Lessons in Publishing
In the fall of 2019, Mannison Press published our inaugural anthology, Little Girl Lost: Thirteen Tales of Youth Disrupted. It was an exciting time! Our new line of Minibooks had been launched, we had enough stories queued up to carry us into the new year, and ideas were free-flowing for future projects. Then, right around the time the anthology was released, the question was posed: “Will there be a companion volume for Little Girl Lost?”
It didn’t really require discussion.
In fact, it rather went without saying.
Little Boy Lost was already percolating.
What caught this fledgling indie publisher off guard, however, was how vastly different this project would be. All the framework was in place, all the templates were there, all the SOPs established…what could go wrong? We were riding the high of a modestly successful launch and jumped in with both feet, but quickly became victims of our own enthusiasm…then became victims of circumstance.
Little Girl Lost was released in mid-October, which was absolutely ideal for a collection of horror, sci-fi, fantasy, and crime fiction stories. We had had an amazing response to our first submission call and there was a fair bit of buzz (considering how new we were). As such, we decided to take advantage of the momentum and announced Little Boy Lost a month later, opening submissions in early December.
Lesson one: Don’t compete with the holidays.
Due to the distractions of the holiday season, submissions were much slower than our first go ’round. It took a lot more effort to rouse interest this time, but we still managed to drum up a solid number of submissions with some fabulous stories (as you are soon to discover). Overall sales also slowed to a trickle, and we acknowledged we would have to scrounge for funding in order to put together another anthology. Our first crowdfunding campaign got the job done, right?
Lesson two: Post-holiday slump is real.
January really is no good for sales or funding. Everyone’s tapped. As such, we set the next campaign for February. The holiday hangover will have run its course and we’ll be entering the month of love and good will! (Or so we thought.) We created a new campaign and put the word out.
Lesson three: Asking for money is humbling.
The first time was exciting. “Hi, we’re new! Help us find our feet!” The second time, though? That was hard. We’re still new but not shiny; we are growing but going through the awkward stage. Friends and family were stepping up, though, and we had hopes they might provide enough support to help see the project through. We extended the campaign to maximize potential contributions, but then…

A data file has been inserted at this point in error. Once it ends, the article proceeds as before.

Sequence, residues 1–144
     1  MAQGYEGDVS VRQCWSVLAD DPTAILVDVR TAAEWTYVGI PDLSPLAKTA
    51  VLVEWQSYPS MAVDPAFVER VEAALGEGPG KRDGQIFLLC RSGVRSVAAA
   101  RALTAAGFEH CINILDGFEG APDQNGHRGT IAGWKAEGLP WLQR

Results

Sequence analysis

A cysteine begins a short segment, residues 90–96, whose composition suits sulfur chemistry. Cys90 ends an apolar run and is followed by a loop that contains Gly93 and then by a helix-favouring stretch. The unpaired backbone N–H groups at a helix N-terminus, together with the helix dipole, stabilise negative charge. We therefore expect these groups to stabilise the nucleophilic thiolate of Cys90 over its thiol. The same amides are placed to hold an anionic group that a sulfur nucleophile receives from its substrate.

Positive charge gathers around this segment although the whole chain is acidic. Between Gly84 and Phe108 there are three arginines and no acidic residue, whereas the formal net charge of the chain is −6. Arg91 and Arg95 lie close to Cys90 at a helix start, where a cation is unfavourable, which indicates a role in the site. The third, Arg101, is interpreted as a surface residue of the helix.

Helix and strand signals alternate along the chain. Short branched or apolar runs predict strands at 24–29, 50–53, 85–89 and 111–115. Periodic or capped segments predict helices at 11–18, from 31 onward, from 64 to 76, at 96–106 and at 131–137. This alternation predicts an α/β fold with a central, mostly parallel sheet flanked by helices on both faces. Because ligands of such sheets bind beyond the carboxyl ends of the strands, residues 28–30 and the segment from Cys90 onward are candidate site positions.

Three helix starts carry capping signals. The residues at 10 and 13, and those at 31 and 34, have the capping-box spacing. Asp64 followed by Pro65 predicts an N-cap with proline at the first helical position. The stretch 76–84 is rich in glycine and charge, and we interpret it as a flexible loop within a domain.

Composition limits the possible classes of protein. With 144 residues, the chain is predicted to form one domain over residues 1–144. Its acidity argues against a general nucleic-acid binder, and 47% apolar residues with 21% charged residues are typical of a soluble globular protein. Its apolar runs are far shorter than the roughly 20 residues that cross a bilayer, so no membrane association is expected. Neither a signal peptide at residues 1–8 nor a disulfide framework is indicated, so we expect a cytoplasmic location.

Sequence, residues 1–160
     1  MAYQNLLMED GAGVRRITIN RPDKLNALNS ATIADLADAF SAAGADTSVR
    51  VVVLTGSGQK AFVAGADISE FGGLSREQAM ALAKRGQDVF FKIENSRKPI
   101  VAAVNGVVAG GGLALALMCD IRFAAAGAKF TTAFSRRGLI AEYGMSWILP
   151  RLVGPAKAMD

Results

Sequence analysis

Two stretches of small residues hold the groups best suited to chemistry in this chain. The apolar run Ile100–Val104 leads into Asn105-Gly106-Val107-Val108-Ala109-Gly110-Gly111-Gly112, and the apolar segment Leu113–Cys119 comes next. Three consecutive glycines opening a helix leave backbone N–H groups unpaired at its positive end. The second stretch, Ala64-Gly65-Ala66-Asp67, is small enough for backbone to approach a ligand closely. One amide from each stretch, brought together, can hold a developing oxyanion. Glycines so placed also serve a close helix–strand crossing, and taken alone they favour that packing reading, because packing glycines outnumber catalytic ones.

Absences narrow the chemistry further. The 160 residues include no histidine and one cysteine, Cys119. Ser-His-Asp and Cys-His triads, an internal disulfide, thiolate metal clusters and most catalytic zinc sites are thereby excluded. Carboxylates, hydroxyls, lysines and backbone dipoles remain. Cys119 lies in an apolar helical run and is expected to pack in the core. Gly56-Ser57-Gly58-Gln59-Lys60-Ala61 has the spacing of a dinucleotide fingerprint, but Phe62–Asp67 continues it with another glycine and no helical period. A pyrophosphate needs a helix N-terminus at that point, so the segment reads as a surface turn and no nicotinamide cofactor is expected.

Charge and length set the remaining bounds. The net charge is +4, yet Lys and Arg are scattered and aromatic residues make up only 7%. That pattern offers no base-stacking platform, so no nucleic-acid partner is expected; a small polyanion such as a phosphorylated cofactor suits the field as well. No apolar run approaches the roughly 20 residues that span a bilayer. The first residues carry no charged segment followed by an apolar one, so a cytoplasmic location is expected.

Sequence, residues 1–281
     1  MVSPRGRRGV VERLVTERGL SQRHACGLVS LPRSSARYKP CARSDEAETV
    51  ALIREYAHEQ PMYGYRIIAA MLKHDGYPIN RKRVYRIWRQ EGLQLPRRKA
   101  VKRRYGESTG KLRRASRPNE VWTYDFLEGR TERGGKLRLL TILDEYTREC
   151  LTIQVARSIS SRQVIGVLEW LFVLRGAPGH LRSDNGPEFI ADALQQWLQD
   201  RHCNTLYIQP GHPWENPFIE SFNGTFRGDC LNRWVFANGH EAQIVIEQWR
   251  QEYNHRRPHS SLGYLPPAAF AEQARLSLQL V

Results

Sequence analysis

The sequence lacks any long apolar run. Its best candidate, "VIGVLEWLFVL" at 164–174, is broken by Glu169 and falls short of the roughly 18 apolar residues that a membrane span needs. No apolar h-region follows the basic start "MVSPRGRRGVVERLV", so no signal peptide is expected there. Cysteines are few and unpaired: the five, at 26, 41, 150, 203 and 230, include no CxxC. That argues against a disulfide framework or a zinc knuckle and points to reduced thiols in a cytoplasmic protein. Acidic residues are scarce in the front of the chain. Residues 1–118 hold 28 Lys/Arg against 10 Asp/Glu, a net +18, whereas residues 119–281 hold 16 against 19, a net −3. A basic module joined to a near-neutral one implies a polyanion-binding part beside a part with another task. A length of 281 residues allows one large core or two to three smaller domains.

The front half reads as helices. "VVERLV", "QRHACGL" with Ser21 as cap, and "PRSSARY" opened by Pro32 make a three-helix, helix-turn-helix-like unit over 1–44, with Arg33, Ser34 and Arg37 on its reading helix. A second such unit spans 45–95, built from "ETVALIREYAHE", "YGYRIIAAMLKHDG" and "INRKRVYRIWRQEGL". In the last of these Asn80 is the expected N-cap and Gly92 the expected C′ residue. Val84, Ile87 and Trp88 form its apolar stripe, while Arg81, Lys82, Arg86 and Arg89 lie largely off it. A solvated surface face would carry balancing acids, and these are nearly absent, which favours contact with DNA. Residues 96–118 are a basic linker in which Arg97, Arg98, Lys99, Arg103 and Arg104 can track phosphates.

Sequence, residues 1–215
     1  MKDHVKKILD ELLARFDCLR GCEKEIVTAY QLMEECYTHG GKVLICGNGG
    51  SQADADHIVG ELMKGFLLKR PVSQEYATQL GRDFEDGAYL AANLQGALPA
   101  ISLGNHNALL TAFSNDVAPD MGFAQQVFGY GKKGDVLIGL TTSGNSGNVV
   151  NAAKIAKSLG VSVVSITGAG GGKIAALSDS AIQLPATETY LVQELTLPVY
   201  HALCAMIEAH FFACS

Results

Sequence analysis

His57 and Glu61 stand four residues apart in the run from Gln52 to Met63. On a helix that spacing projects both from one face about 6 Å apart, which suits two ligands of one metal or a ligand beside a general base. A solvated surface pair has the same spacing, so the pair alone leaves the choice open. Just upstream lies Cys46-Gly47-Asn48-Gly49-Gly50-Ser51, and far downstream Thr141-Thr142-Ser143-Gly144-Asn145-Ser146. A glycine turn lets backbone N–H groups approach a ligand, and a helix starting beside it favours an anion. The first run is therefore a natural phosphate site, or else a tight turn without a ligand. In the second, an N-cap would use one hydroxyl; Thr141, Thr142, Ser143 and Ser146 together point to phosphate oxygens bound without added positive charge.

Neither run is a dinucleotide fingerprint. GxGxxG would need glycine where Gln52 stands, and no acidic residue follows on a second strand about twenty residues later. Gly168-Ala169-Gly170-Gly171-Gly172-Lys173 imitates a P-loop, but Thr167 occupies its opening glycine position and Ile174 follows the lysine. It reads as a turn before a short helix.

…then the world shut down. Like, the whole world.
Lesson four: You can’t predict epic crises of humanity.
A global pandemic had gripped us—COVID-19, a.k.a. Coronavirus, you might’ve heard of it—and suddenly we felt like bedraggled panhandlers begging for change outside a burning building. The final two weeks of crowdfunding slipped silently by and the campaign closed unceremoniously.
Lesson five: God bless family and friends.
Fortunately, we’re plucky, and we have people in our lives who support our publishing venture. A few generous benefactors came forward to help finance the project. If it hadn’t been for them the entire project might have tanked, but thanks to their support, we were breathing a little easier by mid-April. Little Boy Lost had finally achieved solid footing.
So, what have we managed to pull together through all of this? You’ll find that this anthology is similar to the first in thematic elements and the multi-genre approach. However, as with every good sequel, it’s expanded upon the original. More stories. New genres. And now we’re multi-national.
As before, you’ll find creative horror and riveting science fiction, high and low fantasy and captivating storylines, coming from authors all across the United States and Canada. Only this time, you will also encounter contorted reality, gripping drama, even—even!—a sweet kiss of romance…and we’ve crossed an ocean to bring you stories from authors in the United Kingdom.
Lesson six: It’s all still worth it.
Ron Linson and I are now absolutely thrilled to present to you this exciting new anthology, Little Boy Lost: More Tales of Youth Disrupted. We hope you enjoy it as much as the first one. Perhaps even more. We worked hard, dang it.
Deidre J Owen
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